In 2010 the Freedom of Information Act was amended to give the heir to the throne exemption from all future requests. This is somewhat remarkable on its face and deserves further comment at another time. Staying with the Guardian's request for now, however, the Upper Tribunal ruled in the Guardian's favour in September of this year (Evans v IC and Others (Seven Government Departments)  UKUT 313 (AAC)). Now, however, the Attorney-General has reversed that decision, in a rather surprising ruling. The Telegraph reports:
[The Attorney General] said it was in the national interest to ban publication of the letters “because if he forfeits his position of political neutrality as heir to the throne, he cannot easily recover it when he is king”.
Mr Grieve overturned [the Upper Tribunal's] decision, saying there was an “exceptional case” for him to use his veto to prevent the Prince’s “most deeply held and personal beliefs” becoming public
In a 10-page summary of his reasons for overturning the judges’ decision, Mr Grieve said the Prince’s letters had been “urging a particular view on ministers” but this amounted to him “educating” himself about the work of government in preparation for becoming king, making the letters exempt from freedom of information requests.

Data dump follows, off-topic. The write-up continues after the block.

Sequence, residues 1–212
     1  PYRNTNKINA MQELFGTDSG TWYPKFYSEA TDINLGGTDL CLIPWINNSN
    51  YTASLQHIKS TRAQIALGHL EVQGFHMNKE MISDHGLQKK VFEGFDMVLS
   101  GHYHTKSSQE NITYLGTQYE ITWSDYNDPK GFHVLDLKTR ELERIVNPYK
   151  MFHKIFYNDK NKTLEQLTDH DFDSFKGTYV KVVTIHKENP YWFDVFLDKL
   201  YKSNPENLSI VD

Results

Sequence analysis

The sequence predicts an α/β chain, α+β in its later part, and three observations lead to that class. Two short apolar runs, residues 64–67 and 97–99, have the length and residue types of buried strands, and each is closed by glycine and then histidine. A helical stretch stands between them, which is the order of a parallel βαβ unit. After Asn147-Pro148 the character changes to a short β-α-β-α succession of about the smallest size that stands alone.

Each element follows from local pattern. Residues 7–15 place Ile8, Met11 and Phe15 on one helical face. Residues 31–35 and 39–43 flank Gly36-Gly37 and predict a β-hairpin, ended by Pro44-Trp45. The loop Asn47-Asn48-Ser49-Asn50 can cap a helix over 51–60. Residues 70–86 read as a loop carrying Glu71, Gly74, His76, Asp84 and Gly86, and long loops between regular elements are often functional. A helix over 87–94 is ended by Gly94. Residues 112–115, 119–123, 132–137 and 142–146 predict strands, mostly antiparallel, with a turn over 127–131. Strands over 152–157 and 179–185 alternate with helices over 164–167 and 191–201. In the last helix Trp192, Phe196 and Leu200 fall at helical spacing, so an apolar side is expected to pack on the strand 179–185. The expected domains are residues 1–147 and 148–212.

The Attorney-General's ruling may be found here. I have to say I am not convinced by his reasoning, with the greatest of respect. It is a stretch to argue that lobbying for a change in the law is "educating" the lobbyist in how government works; and if that was the objective behind his letters there were rather better ways in which the Prince could have gone about it - seeking advice from constitutional lawyers and political scientists for example.
Secondly, if disclosure of the content of the letters would indeed forfeit the Prince's political neutrality, then they should not have been written in the first place. The answer is not for them to be written and then hushed up.